Alumna's career defined by contributions to pioneering 3D technology

Quinn Freidenburg '24

Tish Khan '17 (3D digital design) has worked closely with a variety of emerging and innovative technologies in several roles during her professional career.

Tish Khan ’17 (3D digital design) has grown comfortable “working in unknowns,” as she calls it. 

Her career has been marked by contributions to pioneering 3D technology that is shaping the future of the industry. 

The London-based Khan is an art manager for the Workrooms team at Meta (formerly Facebook). Workrooms is a virtual reality office environment where remote colleagues can interact and collaborate in a more present way using cutting-edge tools.

“You have a lot of room to experiment, a lot of room to fail, but you have a lot of room to just learn,” Khan said. “This hasn't been defined before. And even my job before this was completely ambiguous, and the job before that was ambiguous. The ambiguity is what I find attractive.”

Khan has worked with several new and innovative technologies on the ground floor. 

At RIT, she completed a co-op with Lytro, a company responsible for the first commercial light-field camera. After graduating, she accepted a full-time position with Lytro, eventually acquired by Google. 

Working with technology few others have been exposed to presented challenges that fostered Khan’s professional growth and curiosity.

“It gave me the platform to feel comfortable saying I don’t know something,” she said. “That’s something young professionals need to learn fast, just saying ‘I don’t know, but I’ll go find out.’”

Khan then moved on to Amazon, where she was a 3D specialist in the development of AR View, an augmented reality capture and playback tool that enables users to realistically visualize furniture, decor and appliances in their home. Following an internal transfer to London, Khan became a 3D imaging operations technical director at Amazon. 

Khan’s background also includes a stint as creative technology manager at media and entertainment company Outernet Global. There, she worked with a revolutionary technology called virtual production, which blends filmmaking, 3D graphics, computational photography and real-time game engine rendering to produce in-camera visual effects. She deployed the technology in an unprecedented way, using it in coordination with live events and interactivity on the world’s largest indoor LED screens.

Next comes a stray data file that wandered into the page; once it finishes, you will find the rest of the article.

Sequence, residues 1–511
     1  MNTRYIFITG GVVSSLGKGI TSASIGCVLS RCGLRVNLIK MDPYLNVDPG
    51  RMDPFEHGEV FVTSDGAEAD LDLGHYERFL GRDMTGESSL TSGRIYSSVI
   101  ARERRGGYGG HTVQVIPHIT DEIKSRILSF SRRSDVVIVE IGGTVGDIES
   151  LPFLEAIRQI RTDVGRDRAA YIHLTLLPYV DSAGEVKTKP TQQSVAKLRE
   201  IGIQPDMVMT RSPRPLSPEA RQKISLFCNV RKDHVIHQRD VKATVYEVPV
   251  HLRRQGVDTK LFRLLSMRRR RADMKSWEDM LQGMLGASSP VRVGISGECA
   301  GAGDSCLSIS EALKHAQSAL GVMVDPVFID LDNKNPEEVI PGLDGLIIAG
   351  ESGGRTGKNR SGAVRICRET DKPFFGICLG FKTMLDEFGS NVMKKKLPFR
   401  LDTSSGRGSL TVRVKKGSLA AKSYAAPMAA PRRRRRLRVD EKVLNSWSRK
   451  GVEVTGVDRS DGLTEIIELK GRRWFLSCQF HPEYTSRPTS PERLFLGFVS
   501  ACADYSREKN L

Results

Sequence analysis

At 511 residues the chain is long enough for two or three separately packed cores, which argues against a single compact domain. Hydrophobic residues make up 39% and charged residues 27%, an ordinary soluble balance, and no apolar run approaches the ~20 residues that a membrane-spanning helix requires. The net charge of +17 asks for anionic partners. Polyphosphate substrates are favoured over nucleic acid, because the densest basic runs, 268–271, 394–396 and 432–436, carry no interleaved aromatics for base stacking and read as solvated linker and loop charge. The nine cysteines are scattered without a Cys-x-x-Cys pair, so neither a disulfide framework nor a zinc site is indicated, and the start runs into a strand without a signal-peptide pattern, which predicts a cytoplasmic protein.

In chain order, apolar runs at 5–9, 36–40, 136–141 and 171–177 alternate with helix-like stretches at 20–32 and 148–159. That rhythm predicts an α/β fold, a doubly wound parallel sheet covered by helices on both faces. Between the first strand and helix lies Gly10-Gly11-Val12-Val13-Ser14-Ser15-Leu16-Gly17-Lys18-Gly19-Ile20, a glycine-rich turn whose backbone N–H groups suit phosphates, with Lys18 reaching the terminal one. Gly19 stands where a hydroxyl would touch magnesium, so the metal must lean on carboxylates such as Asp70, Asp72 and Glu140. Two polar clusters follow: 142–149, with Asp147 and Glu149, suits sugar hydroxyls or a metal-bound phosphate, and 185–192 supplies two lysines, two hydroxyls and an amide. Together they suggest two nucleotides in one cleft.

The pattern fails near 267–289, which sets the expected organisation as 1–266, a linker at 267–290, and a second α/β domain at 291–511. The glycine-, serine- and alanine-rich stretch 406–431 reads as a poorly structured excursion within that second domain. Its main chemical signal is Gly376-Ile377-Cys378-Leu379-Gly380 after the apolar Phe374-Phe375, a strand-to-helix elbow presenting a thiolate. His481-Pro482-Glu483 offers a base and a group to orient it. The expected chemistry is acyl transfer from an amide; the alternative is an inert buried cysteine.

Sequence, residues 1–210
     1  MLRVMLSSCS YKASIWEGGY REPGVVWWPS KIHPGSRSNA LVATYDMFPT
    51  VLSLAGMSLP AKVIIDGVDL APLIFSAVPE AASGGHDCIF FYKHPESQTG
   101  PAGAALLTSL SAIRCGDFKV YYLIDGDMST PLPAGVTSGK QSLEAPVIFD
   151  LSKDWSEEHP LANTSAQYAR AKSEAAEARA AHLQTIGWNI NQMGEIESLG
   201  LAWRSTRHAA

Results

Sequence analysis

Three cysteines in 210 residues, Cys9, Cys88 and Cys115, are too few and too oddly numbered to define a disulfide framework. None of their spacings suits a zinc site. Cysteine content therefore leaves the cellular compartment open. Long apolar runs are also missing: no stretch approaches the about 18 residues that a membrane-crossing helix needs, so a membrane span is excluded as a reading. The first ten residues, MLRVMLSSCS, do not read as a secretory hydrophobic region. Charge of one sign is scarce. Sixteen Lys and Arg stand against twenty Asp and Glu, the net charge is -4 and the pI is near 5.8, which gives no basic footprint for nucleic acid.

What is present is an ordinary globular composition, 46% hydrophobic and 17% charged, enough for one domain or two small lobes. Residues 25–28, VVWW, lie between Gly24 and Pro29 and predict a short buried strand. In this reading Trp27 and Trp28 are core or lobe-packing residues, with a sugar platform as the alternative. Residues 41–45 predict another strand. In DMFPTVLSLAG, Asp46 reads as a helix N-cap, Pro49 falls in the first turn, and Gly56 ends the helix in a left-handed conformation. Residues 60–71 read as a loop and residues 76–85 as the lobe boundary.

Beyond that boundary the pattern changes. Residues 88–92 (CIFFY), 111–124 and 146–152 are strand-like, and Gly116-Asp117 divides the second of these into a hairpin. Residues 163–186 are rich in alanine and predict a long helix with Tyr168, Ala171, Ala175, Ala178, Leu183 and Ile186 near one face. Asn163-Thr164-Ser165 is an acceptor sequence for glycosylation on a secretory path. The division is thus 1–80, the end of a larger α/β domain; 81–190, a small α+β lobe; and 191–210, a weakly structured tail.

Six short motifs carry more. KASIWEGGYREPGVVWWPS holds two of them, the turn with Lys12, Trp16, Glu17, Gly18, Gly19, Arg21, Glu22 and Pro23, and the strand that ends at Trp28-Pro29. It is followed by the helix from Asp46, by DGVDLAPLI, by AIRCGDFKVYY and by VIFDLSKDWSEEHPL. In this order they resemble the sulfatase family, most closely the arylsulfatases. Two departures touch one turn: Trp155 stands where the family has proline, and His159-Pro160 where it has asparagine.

RIT is also immersed in the use of virtual production through MAGIC Spell Studios.

Khan said she never set out to focus on one specific area of the field. Her penchant for being on the frontlines of new 3D-relevant technologies motivated her to help define what’s next within the field.

“I graduated when I needed to,” Khan said. “It worked out because a lot of technologies are currently established. I'm lucky since I get to still work on that core stuff.”

Khan made her way to RIT from her native Trinidad and Tobago. 

Even as a student, she was drawn to testing the waters of new technologies. RIT’s 3D digital design program, she said, encouraged the open-ended exploration she sought when looking at colleges. 

“It was the best four years of my life,” Khan said of RIT. “I could do whatever I wanted with it — there were just guide rails. It was a safe space to experiment. Use the time and space to do as much as you want, fail as quickly as you want, and document it really well.”

Khan routinely incorporated emerging workflows and technology into her projects at RIT. In fact, she said she even had a direct line to provide feedback on brand-new Quixel software she was using as a student. 

One of the most influential classes Khan took was Lighting, Materials and Rendering with Assistant Professor David Halbstein, whose lessons still resonate today. The course is a direct cause of Khan’s ability to communicate fluently with engineers as well as the systems-based thinking she has since employed.

“The framework for material architecture taught me systems architecture,” Khan said of the class. “From then on I thought about everything in a systems architecture way. When I started picking up new technologies, it was more about, where does this fit in the current process? That class taught me how to think about everything from deciding on feature sets for new technologies to managing people.”

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